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carbon bromide is a colorless crystalline substance with a slightly distinctive odor. It has a density of 3.42 g /cm3 in its solid state.

carbon bromide can be prepared by the direct reaction of carbon dioxide with fluorine gas at high temperatures (7.8.12). The resulting carbon-fluorine compound reacts with a variety of halogens, producing a family of compounds that are commonly called ‘halogenated methanes’ or ‘Freons’. These molecules are very stable, and their C-H bonds are not broken by photolysis in the lower atmosphere. They do not decompose in the troposphere, and so can be transported to the stratosphere, where they contribute to the formation of ozone.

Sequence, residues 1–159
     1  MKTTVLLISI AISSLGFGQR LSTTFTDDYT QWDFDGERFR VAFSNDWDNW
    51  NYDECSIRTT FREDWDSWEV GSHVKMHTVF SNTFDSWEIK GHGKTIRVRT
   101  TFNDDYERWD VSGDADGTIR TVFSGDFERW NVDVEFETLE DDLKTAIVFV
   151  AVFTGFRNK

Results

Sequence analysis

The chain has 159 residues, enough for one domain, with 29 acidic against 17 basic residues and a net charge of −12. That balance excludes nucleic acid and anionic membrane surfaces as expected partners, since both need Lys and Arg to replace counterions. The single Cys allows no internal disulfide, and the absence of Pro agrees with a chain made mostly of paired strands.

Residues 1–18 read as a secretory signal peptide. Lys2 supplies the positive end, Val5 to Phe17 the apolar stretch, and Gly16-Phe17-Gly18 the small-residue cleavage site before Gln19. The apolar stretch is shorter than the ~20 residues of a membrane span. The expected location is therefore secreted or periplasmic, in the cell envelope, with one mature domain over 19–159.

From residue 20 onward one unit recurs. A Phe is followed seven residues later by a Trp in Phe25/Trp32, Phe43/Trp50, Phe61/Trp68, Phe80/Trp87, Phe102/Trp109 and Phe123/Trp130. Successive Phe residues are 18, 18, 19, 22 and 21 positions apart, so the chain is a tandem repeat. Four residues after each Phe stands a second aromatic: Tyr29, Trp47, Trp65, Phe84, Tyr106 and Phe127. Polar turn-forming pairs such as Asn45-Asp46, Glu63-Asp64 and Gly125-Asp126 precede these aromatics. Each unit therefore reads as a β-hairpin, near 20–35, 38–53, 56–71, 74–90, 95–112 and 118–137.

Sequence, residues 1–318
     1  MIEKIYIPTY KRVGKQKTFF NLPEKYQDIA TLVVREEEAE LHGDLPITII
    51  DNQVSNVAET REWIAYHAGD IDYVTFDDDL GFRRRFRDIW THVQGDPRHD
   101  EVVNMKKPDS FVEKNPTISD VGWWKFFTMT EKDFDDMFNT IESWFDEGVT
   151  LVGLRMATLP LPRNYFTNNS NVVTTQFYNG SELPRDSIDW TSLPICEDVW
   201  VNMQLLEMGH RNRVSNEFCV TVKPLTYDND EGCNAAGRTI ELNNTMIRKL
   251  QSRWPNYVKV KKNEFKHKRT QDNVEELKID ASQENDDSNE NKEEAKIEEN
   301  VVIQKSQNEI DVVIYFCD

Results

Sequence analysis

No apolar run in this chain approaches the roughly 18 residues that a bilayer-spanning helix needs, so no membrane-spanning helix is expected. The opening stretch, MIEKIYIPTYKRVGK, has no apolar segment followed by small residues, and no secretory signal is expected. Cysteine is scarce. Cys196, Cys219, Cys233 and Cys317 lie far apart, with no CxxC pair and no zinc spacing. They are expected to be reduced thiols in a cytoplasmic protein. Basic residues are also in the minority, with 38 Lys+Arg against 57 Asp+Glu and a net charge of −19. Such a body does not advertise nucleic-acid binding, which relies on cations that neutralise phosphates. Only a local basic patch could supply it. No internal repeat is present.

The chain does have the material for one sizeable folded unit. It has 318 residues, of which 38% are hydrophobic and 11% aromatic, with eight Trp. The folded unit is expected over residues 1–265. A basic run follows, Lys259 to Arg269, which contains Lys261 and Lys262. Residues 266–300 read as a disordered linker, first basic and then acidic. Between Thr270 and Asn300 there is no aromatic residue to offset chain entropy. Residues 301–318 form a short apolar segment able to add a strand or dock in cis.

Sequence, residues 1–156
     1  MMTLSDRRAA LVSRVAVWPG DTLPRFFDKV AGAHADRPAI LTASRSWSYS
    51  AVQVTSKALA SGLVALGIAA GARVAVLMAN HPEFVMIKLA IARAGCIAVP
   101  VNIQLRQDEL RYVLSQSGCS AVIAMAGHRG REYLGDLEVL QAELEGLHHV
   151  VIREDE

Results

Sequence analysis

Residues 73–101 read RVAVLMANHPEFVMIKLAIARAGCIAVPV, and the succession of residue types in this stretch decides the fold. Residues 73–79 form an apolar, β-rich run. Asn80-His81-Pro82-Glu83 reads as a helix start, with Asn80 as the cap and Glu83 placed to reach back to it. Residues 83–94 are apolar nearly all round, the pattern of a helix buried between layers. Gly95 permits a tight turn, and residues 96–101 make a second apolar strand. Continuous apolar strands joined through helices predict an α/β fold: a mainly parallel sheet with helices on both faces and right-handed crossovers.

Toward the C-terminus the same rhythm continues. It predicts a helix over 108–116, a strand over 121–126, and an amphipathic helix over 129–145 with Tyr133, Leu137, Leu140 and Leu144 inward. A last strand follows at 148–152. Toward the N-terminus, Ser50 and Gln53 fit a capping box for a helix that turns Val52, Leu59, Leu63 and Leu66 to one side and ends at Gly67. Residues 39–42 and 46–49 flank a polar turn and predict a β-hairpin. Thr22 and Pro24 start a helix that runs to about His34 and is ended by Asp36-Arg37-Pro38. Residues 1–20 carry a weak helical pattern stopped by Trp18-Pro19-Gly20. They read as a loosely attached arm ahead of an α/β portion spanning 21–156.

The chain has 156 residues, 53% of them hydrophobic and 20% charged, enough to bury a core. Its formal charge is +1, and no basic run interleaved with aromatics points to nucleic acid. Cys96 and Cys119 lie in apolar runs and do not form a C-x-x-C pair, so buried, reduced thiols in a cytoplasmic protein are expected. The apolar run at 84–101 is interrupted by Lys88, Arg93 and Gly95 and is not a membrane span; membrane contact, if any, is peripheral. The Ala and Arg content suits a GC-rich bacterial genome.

The chemical is also used in the synthesis of isocyanates from alkyl or aryl amines, (7.8.11). The electrophilic character of phosgene allows it to introduce the equivalent of CO2+ into a carbonyl group, but it is less commonly used for this purpose than thionyl chloride, because the former is much cheaper and safer to handle.

Exposure to carbon tetrachloride vapor may cause headaches, mental confusion, lethargy, nausea and vomiting. Long-term exposure can lead to bronchitis and jaundice. Skin contact can cause dermatitis. Carbon tetrachloride is highly toxic when inhaled. Concentrations in excess of 0.1 ppm can cause headaches, drowsiness, depression, loss of appetite, and nausea and vomiting. Concentrations of 0.01 ppm or greater in the eyes can cause severe pain and irritation, as well as corneal damage. Chronic exposure can cause pulmonary and laryngeal changes in rats.

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